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Intro Series: BJJ Terminology is another language...A Guide for Beginners

Updated: Aug 13, 2022

Everyone knows that each sport, hobby, and profession have its own jargon. Learning BJJ jargon can be as cumbersome as the sport itself. I know that when I was first starting, and evening slightly before, my husband would describe his training sessions and leave my brain spinning. So, with that I bring you my primer on Brazilian Jiu-Jitsu lingo! I hope that at the end of this definition list you will be able to follow your professor and classmates, along with any excitable BJJ family members, more easily.

Brazilian Jiu-Jitsu usually starts with competitors standing and ends with a ground fight. Stand-up (the standing portion) is similar to how a wrestling match begins, which is more familiar to many people. Take-downs or throws are the transition from stand-up to ground fighting. These takedowns are similar to wrestling or Judo. The ground fight is the bread and butter of BJJ. As in a BJJ match, we will start standing and work our way onto the floor.

Stand-up: The beginning of a BJJ match where balance, timing and strength gained from the practices of wrestling and judo allow practitioners to safely and effectively take their opponent to the ground.

Take-down: transition from stand-up to ground fighting by first forcing your opponent to be off balance and following them to the floor (photo below is a foot sweep)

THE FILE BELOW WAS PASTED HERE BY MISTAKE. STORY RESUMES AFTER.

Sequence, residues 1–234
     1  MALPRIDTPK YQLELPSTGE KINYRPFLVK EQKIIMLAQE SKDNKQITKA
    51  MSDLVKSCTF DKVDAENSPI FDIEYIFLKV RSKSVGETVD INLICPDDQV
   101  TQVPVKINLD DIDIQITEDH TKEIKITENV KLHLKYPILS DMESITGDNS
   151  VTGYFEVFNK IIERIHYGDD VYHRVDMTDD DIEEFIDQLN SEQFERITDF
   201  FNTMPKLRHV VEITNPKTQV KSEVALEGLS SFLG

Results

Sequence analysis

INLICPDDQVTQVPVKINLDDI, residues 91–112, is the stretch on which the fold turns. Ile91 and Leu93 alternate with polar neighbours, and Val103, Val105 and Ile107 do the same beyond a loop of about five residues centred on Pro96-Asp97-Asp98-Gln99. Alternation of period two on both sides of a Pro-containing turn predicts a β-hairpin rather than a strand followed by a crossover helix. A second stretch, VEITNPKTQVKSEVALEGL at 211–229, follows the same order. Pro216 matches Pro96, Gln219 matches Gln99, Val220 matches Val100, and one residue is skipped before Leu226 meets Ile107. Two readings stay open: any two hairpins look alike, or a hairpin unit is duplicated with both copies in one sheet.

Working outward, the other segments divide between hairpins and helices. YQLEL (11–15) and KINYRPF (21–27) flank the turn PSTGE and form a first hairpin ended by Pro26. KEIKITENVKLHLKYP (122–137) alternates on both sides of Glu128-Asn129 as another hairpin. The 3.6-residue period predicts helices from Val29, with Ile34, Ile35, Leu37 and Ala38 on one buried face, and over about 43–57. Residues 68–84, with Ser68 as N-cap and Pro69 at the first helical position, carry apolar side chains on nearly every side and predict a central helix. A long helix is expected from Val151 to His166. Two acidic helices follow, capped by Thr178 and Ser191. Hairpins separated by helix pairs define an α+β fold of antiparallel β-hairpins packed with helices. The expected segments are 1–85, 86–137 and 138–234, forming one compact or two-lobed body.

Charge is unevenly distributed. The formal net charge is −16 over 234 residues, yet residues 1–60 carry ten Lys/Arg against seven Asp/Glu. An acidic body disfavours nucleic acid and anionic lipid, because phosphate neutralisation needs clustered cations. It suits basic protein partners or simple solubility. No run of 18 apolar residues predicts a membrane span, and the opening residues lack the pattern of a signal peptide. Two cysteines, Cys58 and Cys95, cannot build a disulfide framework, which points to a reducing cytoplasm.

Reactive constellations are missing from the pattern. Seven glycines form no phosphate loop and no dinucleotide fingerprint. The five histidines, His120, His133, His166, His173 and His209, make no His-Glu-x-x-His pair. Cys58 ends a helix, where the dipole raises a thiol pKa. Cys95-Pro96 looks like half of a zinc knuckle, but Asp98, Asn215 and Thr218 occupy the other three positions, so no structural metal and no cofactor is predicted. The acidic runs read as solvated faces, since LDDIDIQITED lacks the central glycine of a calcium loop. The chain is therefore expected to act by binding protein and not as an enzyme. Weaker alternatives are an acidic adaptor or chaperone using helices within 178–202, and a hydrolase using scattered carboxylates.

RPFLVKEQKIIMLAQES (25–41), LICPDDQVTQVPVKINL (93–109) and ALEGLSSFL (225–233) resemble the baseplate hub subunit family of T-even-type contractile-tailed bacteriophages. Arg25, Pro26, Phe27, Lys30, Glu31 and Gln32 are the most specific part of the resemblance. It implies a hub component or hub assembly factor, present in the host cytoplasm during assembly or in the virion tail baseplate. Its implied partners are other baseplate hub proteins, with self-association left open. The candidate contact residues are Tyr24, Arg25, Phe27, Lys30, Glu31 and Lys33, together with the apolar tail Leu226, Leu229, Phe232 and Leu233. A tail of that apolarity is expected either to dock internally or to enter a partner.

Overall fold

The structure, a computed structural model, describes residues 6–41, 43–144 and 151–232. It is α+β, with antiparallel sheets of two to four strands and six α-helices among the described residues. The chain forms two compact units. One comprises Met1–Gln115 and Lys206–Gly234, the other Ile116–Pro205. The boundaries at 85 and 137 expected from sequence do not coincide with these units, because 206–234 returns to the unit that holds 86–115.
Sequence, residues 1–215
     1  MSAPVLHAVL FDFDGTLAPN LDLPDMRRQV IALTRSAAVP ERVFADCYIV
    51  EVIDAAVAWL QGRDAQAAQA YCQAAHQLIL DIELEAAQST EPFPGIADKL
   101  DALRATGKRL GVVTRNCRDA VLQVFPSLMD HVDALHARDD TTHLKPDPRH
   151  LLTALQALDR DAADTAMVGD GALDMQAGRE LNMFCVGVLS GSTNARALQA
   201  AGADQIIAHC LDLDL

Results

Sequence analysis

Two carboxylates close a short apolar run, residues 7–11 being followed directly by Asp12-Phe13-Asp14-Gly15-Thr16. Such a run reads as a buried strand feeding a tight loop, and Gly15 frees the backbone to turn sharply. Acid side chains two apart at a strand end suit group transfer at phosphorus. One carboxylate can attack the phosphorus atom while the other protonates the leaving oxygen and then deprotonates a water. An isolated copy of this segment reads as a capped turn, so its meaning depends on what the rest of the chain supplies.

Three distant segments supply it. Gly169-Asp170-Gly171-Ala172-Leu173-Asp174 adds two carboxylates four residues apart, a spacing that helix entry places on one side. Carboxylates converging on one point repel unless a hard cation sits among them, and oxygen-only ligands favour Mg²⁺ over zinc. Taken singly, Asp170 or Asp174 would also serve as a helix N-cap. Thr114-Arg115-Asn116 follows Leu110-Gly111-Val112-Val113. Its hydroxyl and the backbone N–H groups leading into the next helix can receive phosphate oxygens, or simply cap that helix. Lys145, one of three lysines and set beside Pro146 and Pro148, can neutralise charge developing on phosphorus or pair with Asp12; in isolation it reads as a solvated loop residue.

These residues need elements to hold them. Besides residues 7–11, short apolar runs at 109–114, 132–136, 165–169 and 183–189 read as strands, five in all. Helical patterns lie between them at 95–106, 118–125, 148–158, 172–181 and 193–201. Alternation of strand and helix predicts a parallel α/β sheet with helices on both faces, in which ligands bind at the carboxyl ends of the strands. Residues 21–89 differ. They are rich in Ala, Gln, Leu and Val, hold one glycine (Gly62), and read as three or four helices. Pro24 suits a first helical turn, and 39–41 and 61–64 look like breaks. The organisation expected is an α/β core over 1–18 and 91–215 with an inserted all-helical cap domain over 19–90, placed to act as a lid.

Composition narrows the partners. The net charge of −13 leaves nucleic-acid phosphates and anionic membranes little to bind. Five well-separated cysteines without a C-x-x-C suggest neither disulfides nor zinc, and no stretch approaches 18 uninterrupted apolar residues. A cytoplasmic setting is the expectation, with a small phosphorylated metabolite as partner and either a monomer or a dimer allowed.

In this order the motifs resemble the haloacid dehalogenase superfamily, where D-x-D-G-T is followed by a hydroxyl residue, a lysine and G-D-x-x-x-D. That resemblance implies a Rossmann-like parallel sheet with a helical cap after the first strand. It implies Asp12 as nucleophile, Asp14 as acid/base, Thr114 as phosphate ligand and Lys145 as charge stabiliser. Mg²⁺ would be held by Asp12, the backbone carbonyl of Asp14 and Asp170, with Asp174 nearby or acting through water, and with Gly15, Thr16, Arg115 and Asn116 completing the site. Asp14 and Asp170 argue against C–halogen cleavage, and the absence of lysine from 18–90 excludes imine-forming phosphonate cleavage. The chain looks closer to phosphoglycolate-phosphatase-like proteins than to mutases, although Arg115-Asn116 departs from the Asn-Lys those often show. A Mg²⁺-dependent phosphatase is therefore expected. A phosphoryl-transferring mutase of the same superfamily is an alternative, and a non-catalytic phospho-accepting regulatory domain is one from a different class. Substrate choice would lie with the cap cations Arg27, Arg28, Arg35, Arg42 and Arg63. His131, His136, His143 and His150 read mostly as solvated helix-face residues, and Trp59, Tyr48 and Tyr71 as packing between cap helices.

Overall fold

Double leg take down: A basic grappling takedown where you attack both of your opponent's legs, forcing your opponent backwards

Single leg take down: A basic grappling takedown where you attack one of your opponent's legs. This usually begins with shooting in and controlling a single leg and then wrapping up your opponent's waist for the final step.

Ankle pick: is a type of single leg takedown that is commonly used in wrestling, BJJ, and Judo to get an opponent to the ground. It is accomplished by the attacker dropping one knee to the ground. The same hand as the grounded knee grasps the opponent's ankle and the opposite hand drives the opponent's upper body towards the ankle being attacked, as the ankle is brought across the attackers body (like turning a steering wheel).

Break fall: A technical fall where a grappler uses their arms, legs and/or body positioning to protect their body from impact when falling to the ground. These are directed backward or to the side. Forward break falls are sprawls (slightly different).

Ok, you and your opponent are on the ground. What comes next? The answer is one of you will end up in the other's guard. Whoever is able to maintain some sort of guard has the advantage for the time being. The guard position is where you are able to attack your opponent with submissions such as chokes and extremity attacks.

Let's go through some common guards.

Guard: A control technique where one grappler has their back on the ground and their legs wrapped around their opponents waist with their ankles crossed. This allows the grappler to break their opponent's balance by doing a reverse crunch.

Open Guard: Similar to guard, however the grappler on the floor opens their ankles. This is typically used as a transitional point to set up a sweep

Half guard: A ground grappling position where one combatant is lying on the other, with the bottom combatant having one leg entangled

Mount: A grappling position where one grappler is on the ground with their back flat, and their opponent is in mount by sitting on their hips (traditional) or low ribs (high mount). This position allows for a number of attacks including joint locks and chokes

Spider guard: A grappling position with the grappler on the ground gripping the kimono of their opponent, the feet of the grappler on the floor are pressed against the biceps of their opponent in proximity to the grips of the kimono